Daylight Modelling

Dynamic Daylight Simulations


Climate-Based Daylight Modelling (CBDM) is the process of simulating and analysing the annual daylight profile within architectural 3D computer models.

Unlike traditional daylight analysis, CBDM uses local climate weather data to analyse the light received under varying sky conditions, throughout a typical year.

The dynamic nature of daylight makes annual simulation a complex and computationally expensive process. Whilst the position and movement of the sun can be precisely calculated and modelled, it is virtually impossible to precisely predict future sky (weather) conditions.

Whilst every effort is made to ensure the accuracy of CBDM results, in reality, the resulting data will never be wholly accurate – it will only be representative of a typical year. TMY weather files are intended to represent a ‘Typical Meteorological Year', designed to be used for making estimates of predicted energy consumption. TMY files are composite of average months from a database of historical weather data.

In response to the dynamic nature of daylight, CBDM metrics such as Daylight Autonomy or Useful Daylight Illuminance do not focus on predicting absolute instantaneous light levels but instead, analyse the area of the space [where] and period of the year [when] a specific illuminance target or illuminance range can be expected to be achieved.

This provides a more holistic understanding of the varying illuminance levels throughout a typical year, in direct response to the local climate, and therefore does not just focus on 'worst-case' overcast sky conditions.

This approach to daylight analysis helps to ensure shading is considered as part of the design strategy, to help in reducing potential unwanted visual comfort issues, such as glare and veiling luminance, as well as enabling the energy-saving potential of a daylight-linked electric lighting system to be more accurately and realistically assessed.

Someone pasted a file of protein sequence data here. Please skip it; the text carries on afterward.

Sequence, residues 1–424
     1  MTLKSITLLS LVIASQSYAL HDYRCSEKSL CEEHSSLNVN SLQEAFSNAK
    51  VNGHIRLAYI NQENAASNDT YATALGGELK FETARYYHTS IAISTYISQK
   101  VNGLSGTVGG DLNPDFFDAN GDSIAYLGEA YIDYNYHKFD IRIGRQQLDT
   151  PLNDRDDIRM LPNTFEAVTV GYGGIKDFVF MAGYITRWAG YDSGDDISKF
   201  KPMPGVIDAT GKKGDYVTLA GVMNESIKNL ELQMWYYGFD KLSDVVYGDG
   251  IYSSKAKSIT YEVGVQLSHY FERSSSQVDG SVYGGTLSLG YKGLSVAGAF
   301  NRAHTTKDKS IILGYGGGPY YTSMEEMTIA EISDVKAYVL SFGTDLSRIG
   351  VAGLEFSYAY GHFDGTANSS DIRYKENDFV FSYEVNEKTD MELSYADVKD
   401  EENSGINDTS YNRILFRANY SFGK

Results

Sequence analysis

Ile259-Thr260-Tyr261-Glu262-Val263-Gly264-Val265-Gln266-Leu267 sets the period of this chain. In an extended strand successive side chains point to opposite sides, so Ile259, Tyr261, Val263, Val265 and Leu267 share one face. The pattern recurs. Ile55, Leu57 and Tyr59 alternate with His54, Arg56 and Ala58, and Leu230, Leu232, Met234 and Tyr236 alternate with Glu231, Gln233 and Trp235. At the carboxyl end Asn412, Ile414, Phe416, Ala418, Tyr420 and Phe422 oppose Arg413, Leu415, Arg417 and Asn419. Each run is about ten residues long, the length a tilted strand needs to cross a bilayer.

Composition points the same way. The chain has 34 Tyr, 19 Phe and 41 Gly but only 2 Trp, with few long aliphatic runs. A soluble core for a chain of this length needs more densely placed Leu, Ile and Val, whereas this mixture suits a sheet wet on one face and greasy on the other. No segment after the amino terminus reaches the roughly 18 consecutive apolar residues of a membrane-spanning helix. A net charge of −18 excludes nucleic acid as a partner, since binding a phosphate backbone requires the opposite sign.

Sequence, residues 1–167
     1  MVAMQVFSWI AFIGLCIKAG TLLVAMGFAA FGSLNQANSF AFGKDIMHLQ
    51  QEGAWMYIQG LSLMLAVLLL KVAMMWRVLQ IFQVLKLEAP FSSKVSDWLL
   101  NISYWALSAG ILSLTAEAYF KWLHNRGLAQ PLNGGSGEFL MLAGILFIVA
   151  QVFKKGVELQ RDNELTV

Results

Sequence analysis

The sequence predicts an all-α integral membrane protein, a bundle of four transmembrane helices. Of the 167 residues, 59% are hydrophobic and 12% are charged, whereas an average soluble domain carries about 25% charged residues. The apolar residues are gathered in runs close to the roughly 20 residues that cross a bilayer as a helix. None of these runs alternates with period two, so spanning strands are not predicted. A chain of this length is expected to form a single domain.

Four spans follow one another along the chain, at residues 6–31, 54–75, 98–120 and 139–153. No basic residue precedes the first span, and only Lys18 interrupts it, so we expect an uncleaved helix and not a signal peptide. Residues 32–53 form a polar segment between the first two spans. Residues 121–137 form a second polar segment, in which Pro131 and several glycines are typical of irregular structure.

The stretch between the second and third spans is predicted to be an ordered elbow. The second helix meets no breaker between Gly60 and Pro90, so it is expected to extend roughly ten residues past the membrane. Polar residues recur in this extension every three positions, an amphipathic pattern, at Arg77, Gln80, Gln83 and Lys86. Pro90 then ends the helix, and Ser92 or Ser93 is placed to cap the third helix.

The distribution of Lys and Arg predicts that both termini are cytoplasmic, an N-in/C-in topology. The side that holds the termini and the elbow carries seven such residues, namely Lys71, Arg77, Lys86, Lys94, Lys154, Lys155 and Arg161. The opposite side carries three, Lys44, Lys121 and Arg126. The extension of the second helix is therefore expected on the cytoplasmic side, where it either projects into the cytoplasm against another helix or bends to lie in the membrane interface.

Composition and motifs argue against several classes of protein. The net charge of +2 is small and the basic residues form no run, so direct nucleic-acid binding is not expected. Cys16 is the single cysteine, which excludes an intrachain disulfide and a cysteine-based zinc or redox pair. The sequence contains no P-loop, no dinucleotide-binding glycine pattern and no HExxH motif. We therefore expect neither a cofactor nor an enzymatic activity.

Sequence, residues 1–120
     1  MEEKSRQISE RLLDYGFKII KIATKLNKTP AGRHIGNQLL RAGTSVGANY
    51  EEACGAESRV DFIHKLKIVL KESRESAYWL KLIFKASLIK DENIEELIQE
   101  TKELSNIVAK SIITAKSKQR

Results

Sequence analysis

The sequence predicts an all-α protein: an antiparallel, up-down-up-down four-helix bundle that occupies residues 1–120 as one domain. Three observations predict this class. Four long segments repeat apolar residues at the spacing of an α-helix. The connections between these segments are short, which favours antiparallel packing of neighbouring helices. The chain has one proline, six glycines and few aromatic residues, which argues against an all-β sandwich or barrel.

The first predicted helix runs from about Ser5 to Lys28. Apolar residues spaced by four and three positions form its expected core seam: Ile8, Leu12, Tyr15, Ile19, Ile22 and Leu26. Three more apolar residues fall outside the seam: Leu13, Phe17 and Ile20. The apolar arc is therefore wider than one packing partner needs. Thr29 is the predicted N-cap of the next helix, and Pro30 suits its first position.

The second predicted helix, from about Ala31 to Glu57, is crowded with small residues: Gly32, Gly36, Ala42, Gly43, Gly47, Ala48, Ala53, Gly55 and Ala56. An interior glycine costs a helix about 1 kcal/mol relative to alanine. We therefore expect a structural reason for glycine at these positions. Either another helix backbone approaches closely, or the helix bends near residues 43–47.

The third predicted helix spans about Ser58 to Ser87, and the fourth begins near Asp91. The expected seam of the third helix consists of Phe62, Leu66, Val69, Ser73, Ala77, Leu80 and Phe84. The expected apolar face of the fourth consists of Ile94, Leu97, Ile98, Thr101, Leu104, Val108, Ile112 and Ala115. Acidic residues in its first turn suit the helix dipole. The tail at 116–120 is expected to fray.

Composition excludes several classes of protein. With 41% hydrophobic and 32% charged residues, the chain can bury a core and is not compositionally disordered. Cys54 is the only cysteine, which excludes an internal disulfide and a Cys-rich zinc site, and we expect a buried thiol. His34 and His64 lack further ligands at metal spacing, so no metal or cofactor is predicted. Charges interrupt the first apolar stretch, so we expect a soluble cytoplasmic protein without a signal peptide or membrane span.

CBDM Metrics

Spatial Daylight Autonomy (sDA)

The Spatial Daylight Autonomy (sDA) should be ≥50% across at least 50% of the working plane, during occupied hours.

Useful Daylight Illuminance UDI-a (100-3000lux)

The UDI-a (100-3000lux) should be >80% (ave) across the working plane, of each space, during occupied hours.

Useful Daylight Illuminance UDI-e (>3000lux)

The combined occurrence of illuminance levels below 100lux (UDI-s) and above 3000lux (UDI-e) should occur for no more than 20% of the time (ave).

Useful Daylight Illuminance UDI-s (<100lux)

The combined occurrence of illuminance levels below 100lux (UDI-s) and above 3000lux (UDI-e) should occur for no more than 20% of the time (ave).


Lighting Analysts are pioneers in the use and application of Climate-based Daylight Modelling (CBDM), with over 20-years of experience in daylight design, simulation and analysis.

CBDM provides an in-depth analysis of the daylight within a space and can be used to better understand the dynamic range of light levels throughout a typical year and to better inform the electric lighting design.

CBDM is currently used in the design and development of new schools in England, but it can also be applied to other commercial applications, such as offices, hospitals, and retail.

Cumulative exposure can also be assessed, which is important when predicting the daylight exposure to light-sensitive artworks and artifacts, in museums and galleries. The same technique can be applied to the design of sports stadia, optimising the structure to maximise light exposure to the playing surface, a technique we developed when assisting in the design of Wembley Stadium over 18-years ago.